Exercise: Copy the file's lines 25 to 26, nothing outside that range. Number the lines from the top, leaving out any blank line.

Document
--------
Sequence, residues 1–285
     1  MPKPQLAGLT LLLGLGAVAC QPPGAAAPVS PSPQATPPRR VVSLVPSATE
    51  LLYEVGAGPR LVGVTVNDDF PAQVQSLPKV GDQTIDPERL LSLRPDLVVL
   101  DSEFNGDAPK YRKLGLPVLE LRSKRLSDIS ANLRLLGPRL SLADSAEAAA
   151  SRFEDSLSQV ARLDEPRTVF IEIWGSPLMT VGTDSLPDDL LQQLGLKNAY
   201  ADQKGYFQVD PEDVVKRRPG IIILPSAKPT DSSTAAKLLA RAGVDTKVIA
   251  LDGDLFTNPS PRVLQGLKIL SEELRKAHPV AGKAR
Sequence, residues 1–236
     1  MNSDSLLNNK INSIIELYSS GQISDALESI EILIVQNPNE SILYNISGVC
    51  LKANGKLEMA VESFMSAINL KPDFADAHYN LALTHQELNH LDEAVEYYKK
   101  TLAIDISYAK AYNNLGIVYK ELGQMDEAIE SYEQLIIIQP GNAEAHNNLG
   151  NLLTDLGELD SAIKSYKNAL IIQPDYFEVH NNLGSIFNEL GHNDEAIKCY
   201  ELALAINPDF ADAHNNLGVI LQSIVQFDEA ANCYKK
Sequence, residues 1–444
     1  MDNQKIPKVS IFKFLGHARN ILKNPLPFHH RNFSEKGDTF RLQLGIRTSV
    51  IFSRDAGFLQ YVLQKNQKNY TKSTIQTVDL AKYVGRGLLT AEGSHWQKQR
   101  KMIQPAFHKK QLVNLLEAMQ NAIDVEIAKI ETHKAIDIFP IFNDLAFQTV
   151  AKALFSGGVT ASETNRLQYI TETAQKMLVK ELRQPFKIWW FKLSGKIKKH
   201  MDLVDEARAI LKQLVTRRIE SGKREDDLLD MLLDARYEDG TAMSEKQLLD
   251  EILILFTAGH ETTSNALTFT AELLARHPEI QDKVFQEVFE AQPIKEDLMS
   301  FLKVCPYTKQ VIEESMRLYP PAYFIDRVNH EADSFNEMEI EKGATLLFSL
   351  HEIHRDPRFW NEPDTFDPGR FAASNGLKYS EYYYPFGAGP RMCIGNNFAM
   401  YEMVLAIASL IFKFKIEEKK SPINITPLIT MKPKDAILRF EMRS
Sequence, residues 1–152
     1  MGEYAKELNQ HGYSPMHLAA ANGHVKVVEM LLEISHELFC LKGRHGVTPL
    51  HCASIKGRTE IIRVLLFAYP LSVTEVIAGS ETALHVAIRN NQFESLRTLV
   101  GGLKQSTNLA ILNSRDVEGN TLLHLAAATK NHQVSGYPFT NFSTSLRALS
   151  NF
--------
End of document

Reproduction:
     1  MGEYAKELNQ HGYSPMHLAA ANGHVKVVEM LLEISHELFC LKGRHGVTPL
    51  HCASIKGRTE IIRVLLFAYP LSVTEVIAGS ETALHVAIRN NQFESLRTLV